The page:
In the behavioral sciences, convenience samples are far more common than random samples.

37

Explain Random Assignment?

In random assignment, every participant has an equal chance of being assigned to one of the experimental conditions.

38

Explain why replication is beneficial?

If a study that uses random assignment is replicated in several contexts, we can start to generalize the findings.

39

Are random numbers random?

Random numbers may not always appear to be all that random; there may appear to be patterns.

40

Explain Confirmation Bias?

Confirmation bias is our usually unintentional tendency to pay attention to evidence that confirms what we already believe and to ignore evidence that would disconfirm our beliefs. Confirmation biases closely follow illusory correlations.

41

Explain what is illusory correlation?

Illusory correlation is the phenomenon of believing one sees an association between variables when no such association exists.

42

Explain Personal Probability?

Personal probability is a person’s own judgment about the likelihood that an event will occur; also called subjective probability.

43

Explain Probability?

Probability is the likelihood that a particular outcome—out of all possible outcomes—will occur.

44

What is the expected relative frequency?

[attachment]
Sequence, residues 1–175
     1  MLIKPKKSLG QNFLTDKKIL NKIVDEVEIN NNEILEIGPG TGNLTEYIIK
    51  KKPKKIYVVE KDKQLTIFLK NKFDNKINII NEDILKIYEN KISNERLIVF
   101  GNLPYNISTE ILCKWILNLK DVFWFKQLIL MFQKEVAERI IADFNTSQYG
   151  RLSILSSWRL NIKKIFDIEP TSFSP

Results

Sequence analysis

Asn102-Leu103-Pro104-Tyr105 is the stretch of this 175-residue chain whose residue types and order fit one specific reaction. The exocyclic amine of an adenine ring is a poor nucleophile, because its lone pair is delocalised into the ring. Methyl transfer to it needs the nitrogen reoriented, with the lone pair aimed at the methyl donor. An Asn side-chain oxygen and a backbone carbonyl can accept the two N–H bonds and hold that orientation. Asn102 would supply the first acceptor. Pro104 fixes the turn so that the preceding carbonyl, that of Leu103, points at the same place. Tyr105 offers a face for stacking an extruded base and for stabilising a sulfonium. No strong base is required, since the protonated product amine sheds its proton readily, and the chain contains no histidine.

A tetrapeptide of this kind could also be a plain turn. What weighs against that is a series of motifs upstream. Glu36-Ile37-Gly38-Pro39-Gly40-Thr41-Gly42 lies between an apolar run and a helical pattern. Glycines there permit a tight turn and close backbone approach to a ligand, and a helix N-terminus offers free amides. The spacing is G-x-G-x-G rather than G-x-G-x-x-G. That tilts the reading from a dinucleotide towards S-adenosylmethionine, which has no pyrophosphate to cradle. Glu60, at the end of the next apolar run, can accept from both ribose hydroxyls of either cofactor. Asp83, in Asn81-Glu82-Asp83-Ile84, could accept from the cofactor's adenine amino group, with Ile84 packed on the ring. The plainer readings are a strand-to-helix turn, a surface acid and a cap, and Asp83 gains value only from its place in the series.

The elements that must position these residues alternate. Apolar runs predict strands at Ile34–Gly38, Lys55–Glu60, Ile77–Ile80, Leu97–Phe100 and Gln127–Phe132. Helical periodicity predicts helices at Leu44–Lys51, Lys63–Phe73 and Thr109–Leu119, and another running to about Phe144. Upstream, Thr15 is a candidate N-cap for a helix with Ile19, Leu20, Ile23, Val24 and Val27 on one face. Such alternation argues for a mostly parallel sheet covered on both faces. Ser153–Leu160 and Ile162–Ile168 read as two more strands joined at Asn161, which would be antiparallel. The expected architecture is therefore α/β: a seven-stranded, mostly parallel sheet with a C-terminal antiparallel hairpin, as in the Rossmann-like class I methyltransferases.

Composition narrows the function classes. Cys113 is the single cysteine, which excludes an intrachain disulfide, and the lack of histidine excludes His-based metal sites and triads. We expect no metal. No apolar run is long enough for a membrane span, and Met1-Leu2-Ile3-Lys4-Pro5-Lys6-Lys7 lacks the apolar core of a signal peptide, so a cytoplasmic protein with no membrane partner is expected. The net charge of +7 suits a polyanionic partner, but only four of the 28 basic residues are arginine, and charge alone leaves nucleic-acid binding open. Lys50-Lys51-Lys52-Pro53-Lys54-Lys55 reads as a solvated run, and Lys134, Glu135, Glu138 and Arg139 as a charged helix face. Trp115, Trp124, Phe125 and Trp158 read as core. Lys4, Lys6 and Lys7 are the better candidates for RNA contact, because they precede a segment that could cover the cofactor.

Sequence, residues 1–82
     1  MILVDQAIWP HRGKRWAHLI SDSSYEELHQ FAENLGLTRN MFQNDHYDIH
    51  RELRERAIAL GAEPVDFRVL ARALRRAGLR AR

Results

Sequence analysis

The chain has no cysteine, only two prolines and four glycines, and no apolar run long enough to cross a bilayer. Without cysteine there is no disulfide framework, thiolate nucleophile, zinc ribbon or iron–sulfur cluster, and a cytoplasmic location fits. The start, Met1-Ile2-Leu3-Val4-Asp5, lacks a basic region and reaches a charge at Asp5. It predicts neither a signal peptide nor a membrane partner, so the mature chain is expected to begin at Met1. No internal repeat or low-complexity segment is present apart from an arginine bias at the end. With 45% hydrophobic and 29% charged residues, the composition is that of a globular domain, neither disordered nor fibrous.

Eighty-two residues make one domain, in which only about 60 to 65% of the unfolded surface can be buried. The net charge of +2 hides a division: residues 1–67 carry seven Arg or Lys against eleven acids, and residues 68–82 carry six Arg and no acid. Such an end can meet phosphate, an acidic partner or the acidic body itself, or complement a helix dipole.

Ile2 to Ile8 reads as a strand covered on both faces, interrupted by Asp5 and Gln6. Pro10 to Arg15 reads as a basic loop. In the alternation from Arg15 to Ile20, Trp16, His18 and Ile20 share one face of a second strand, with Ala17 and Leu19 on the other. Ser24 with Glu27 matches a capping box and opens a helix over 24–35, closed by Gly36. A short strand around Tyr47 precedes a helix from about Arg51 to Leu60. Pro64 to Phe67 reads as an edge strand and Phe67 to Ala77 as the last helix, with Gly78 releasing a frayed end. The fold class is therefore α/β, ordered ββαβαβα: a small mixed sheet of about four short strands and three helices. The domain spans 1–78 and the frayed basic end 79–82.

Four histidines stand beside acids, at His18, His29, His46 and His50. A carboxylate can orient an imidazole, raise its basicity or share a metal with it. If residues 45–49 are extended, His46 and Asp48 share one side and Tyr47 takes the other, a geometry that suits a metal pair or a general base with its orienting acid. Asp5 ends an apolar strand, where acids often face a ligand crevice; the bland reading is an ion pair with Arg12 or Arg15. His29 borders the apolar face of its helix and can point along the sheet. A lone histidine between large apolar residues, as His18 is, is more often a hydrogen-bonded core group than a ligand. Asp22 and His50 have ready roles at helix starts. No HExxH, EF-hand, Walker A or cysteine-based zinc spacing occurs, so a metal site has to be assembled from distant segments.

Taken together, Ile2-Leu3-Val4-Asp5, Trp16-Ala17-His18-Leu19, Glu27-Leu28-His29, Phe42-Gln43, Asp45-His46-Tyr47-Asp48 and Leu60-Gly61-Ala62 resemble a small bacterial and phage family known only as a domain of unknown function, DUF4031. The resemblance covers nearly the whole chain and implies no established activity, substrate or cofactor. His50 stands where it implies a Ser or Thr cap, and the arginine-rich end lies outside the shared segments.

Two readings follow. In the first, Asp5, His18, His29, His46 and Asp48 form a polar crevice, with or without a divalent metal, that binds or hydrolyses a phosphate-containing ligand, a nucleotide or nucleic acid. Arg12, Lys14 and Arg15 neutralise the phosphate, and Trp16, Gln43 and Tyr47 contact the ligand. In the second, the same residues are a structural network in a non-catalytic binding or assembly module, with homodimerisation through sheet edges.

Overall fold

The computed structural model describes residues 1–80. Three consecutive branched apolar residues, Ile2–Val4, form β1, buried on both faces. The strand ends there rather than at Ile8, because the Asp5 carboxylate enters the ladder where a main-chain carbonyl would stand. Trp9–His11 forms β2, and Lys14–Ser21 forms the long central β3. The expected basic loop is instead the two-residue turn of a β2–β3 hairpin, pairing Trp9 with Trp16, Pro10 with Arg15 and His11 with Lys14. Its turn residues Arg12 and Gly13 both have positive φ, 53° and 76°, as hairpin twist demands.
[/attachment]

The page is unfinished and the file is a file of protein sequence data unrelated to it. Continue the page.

The expected relative frequency probability is the likelihood of an event occurring based on the actual outcome of many, many trials.

45

What does a trial refer to?

In reference to probability, a trial refers to each occasion that a given procedure is carried out.

46

Explain Confirmation Bias?

Human biases result from two closely related concepts. When we notice only evidence that confirms what we already believe and ignore evidence that refutes what we already believe, we’re succumbing to the confirmation bias. Confirmation biases often follow illusory correlations—when we believe we see an association between two variables, but no association exists.

47

Explain Probability as a statistician.

In everyday life, we use the word probability very loosely—saying how likely a given outcome is, in our subjective judgment. Statisticians are referring to something very particular when they refer to probability. For statisticians, probability is the actual likelihood of a given outcome in the long run.

48

What is probability theory?

Probability theory helps us understand that coincidences might not have an underlying meaning; coincidences are probable when we think of the vast number of occurrences in the world (billions of interactions between people daily).

49